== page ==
I played a game of FoG:AM last night, for the first time in probably over a year (Warfare 2010 was my last competitive game of Ancients). Having been deeply submerged in the world of FoG Renaissance for the past 12 months it was a very interesting experience to get back on the Ancients horse again, and try and compare the two sets from the perspective of FoG:R.

Firstly, it wasn't a "standard" game - instead it was in our club competition which involves 2-hour 650 point games played out on a 4x3 playing surface. My pick for the competition was Han Chinese, selected as I own the army but I don't remember ever using them in FoG Ancients at all (well, certainly not as Chinese... I think some of them have pretended to be Koreans or similar!).

My opponent was a Classical Indian army, with rather a lot more units than me (13 to my 8) and who had (also) selected the "Regular" (or is it called "Drilled"?) option for the 9 units of foot bows and warriors in the army. Another interesting angle to the competition is that it is a league, with the same choice of army throughout but the opportunity to change the list each game - so you can pick an army to match up against your opponents choice each game. Knowing I was facing Indians I had therefore elected to take 6 units of armoured foot, 1 skirmishing foot and the compulsory 4 Cavalry - and an IC, giving my army a shield of invulnerability to shooting. I had also picked some portable obstacles, but then found out they had no effect against Elephants (doh!) so that was 27 points wasted straight away!

The 4x3 board (with 8"/12" deployment zones and only a 4" "zone of fear" near each edge) certainly reduced the amount of messing around before we got stuck in, although both armies had brought only one unit of skirmishers along anyway. It certainly added weight in my mind to the argument that 800 AP and 6'x4' is not the optimum mix of troop numbers and table size for 15mm FoG:AM games. 

As a comparison to FoG:R the biggest thing that struck me right from the off, and again and again throughout the game was  was just how incredibly maneuverable both sides units of infantry were. With all that drilled medium foot on table, the 1-base sidestep, forming columns, turning and moving sideways and expanding out either side. At times it seemed like we were playing a mega-sized DBA game in which we could just pick up and move the individual bases as we wished, as there seemed to be nothing that these highly trained circus performers could not do!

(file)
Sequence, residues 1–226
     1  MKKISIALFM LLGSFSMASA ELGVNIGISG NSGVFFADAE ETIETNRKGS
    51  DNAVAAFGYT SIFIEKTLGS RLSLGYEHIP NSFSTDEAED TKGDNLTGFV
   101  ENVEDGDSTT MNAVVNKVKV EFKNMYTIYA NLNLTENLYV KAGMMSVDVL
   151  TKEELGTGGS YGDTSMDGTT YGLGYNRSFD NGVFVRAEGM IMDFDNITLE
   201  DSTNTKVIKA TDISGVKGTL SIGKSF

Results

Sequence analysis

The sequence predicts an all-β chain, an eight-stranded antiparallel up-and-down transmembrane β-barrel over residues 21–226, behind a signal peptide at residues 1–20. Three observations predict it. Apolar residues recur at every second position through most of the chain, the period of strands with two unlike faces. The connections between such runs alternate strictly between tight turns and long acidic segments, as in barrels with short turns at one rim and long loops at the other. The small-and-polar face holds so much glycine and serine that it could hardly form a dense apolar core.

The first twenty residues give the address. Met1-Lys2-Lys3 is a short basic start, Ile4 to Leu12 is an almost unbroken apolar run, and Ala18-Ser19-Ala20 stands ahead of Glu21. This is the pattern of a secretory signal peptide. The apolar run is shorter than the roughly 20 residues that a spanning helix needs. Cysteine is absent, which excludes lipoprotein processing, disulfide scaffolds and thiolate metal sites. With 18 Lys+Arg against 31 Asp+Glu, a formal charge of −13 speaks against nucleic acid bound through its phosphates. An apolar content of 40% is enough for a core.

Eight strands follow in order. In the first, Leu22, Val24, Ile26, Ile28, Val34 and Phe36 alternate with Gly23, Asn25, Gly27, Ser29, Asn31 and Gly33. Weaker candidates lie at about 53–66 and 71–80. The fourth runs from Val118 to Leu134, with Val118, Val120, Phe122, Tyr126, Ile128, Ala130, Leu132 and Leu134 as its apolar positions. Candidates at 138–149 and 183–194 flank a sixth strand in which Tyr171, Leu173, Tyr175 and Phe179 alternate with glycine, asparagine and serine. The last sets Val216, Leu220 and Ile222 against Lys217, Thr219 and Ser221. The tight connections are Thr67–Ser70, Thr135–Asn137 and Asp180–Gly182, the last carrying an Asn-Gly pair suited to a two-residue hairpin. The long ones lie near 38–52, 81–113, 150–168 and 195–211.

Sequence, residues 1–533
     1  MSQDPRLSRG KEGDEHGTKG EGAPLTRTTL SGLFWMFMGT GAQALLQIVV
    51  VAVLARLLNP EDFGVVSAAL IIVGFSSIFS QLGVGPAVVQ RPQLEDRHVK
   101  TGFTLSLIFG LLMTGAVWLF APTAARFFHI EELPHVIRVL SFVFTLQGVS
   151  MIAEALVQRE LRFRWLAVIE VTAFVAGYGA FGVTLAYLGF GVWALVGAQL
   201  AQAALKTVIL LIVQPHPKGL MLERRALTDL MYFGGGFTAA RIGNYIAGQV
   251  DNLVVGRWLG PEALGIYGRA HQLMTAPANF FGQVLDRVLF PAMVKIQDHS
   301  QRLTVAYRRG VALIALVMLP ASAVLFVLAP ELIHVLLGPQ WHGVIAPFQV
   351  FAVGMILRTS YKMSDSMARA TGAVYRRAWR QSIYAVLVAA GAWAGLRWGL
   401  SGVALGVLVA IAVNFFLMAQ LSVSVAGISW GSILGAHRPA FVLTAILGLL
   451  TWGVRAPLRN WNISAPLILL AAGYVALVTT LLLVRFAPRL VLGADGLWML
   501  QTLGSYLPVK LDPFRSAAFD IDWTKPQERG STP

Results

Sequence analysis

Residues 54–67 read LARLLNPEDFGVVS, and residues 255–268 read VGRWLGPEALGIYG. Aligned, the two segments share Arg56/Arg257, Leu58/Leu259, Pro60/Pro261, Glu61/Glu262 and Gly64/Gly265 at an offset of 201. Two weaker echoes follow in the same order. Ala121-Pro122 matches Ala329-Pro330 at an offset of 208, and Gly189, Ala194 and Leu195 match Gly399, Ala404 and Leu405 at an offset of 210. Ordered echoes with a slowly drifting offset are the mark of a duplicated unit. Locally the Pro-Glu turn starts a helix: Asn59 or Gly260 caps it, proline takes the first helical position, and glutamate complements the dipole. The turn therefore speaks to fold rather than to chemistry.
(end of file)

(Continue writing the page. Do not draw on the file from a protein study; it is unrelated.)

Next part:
The upshot of this was that in the (rather limited) pre-combat manoeuvring phase of the game I was able to almost totally reorganise my army so the mix of units when the two lines clashed was almost entirely different to that when I deployed - again reminiscent of that bit in a DBx game where a good set of pips allows you to do a huge element-by-element matchup reshuffle just prior to combat. My opponent also did a fair amount of this too, and was only constrained from doing more by the physical logjam of 13 units on a 4' frontage and of course the futility of swapping one 8-strong Bw/Sw infantry unit for another !

Overlaps - counting both ranks - were also a bit of a nasty surprise, as I found myself assuming wrongly that my better quality troops would win out against wider formations of enemy bases. 

With my own shooting being almost useless (1 rank of crossbows at best...) my game plan relied on doing everything I could to survive the enemy shooting (placing my IC in the right place, working hard to ensure rear support and especially to narrow my units frontage as they charged home) and crossing my fingers, as the opposition rolled lots of dice and hoped for me to fail the Cohesion Tests. The IC played a huge part in surviving the enemy shooting (which is still odd really when you come to think of it) but ultimately this phase of the game was a lot more one-sided than FoG:R as it was all about my opponent rolling lots of dice and hoping I would fail a test - my role was kinda passive.  

Then, once I had committed my forces to combat it was all about the dice, winning by small margins and hoping to force the enemy to take lots of cohesion tests. This is what decided almost all the combats, as in a mutual destruction (yes!!) I can only remember one (or maybe two?) units breaking from base losses, which is again a massive difference to FoG:R where I suspect most of the broken units in the games I have played in break through base losses rather than three consecutive Cohesion test failures.